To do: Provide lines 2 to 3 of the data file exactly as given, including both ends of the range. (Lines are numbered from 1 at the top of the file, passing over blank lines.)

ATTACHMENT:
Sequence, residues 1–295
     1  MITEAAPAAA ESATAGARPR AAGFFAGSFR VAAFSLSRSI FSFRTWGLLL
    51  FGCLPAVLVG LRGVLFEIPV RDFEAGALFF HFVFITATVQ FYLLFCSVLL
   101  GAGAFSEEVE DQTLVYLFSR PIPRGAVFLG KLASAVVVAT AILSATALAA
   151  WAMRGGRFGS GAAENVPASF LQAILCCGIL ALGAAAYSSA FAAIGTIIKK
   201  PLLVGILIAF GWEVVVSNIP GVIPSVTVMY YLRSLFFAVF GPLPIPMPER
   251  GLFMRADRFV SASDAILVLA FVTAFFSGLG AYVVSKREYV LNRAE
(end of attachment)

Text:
     1  MITEAAPAAA ESATAGARPR AAGFFAGSFR VAAFSLSRSI FSFRTWGLLL
    51  FGCLPAVLVG LRGVLFEIPV RDFEAGALFF HFVFITATVQ FYLLFCSVLL